Which Is The Best Browser Supporting Css -www.youjizz.com/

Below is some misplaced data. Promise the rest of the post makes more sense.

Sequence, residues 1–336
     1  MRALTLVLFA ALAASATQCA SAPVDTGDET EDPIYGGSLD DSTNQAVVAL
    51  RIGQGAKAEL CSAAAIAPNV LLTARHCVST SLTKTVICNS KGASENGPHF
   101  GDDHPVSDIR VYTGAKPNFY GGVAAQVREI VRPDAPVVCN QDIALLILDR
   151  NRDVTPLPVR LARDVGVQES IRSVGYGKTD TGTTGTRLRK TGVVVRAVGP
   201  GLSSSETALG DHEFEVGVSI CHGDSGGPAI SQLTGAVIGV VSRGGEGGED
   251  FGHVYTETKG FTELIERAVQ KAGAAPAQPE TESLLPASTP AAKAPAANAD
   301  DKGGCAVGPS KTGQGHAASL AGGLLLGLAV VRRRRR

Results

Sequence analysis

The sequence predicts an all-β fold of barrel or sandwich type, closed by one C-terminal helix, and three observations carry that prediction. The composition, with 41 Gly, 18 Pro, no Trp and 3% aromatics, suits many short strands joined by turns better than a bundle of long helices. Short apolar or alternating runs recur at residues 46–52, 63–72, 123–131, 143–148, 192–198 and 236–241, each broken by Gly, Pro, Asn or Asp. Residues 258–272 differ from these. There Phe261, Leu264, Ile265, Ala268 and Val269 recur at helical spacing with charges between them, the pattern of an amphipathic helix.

UnCategorized Today both Netscape and Microsoft have agreed to implement CSS in their respective browsers and this means that Web authors who want to use CSS have to know which CSS elements they can and can’t use, as well as the significant differencesin the way adopted CSS elements behave in both browsers. Both use only a subset of the .plete specification as laid out by the W3C. Since both .paniesare members of the W3C, however, they will adopt the full set of CSS elements over time at least that is the hope. CSS1 (and CSS2) will only be useful to Web authors if they are widely adopted and fully implemented by browser manufacturers. If they are not, CSS could easily disappear. There is a precedent for this: the official HTML 3.0 specification was widely ignored by browser manufacturers. The piecemeal way in which Netscape Navigator and Internet Explorer have adopted CSS elements is holding CSS back from wider adoption within the Web authoring .munity. In many cases, CSS elements that are supported in Internet Explorer are not supported in Netscape Navigator, or they are not supported in either browser. Sometimes only certain values of a CSS element are supported, or they only work when associated with certain HTML tags. There are even cases where a CSS element has been adopted for use within a beta (or preview) version of a browser and then later dropped in the next beta release presumably an oversight, but not exactly something to inspire confidence in CSS for a Web author. There are also significant differences in the way CSS code works in the same browser operating under different operating systems. In general, if a certain feature is already supported within one browser, you can most likely use a CSS element to set it, too. For example, the TEXTDECORATION element has a value called BLINK that flashes the text on and off repeatedly. It is supported within Netscape Navigator where you could use the tag to do much the same sort of thing but not in Internet Explorer, which has never supported . On the other hand, there is a feature seen only in Internet Explorer called watermarking that allows the Web author to create a background image that remains fixed upon the page even when a user scrolls up or down. There is a CSS value ("BACKGROUND-ATTACHMENT: FIXED") that does the same thing. Not surprisingly,this CSS element is supported within Internet Explorer, but not within Netscape Navigator. Knowing which CSS elements to use and which not to use is half the battle in constructing workable CSS code. It can only be hoped that over time all CSS elements will be supported equally well within the two major browsers.As time goes by and more Web authors be.e familiar with the details of CSS (and as more Web browsers fully implement and are able to display Web pages that use CSS), the demand and need for new HTML tags will be significantly diminished. Depending on how things turn out, CSS will either be a triumph or a resounding failure for the W3C, ultimately determining the evolution and development of HTML and of the relevancy of the W3C itself. An understanding of the strengths and weaknesses of a given browser will help you to choose which CSS elements will be most effective inyour Web pages. About the Author: 相关的主题文章: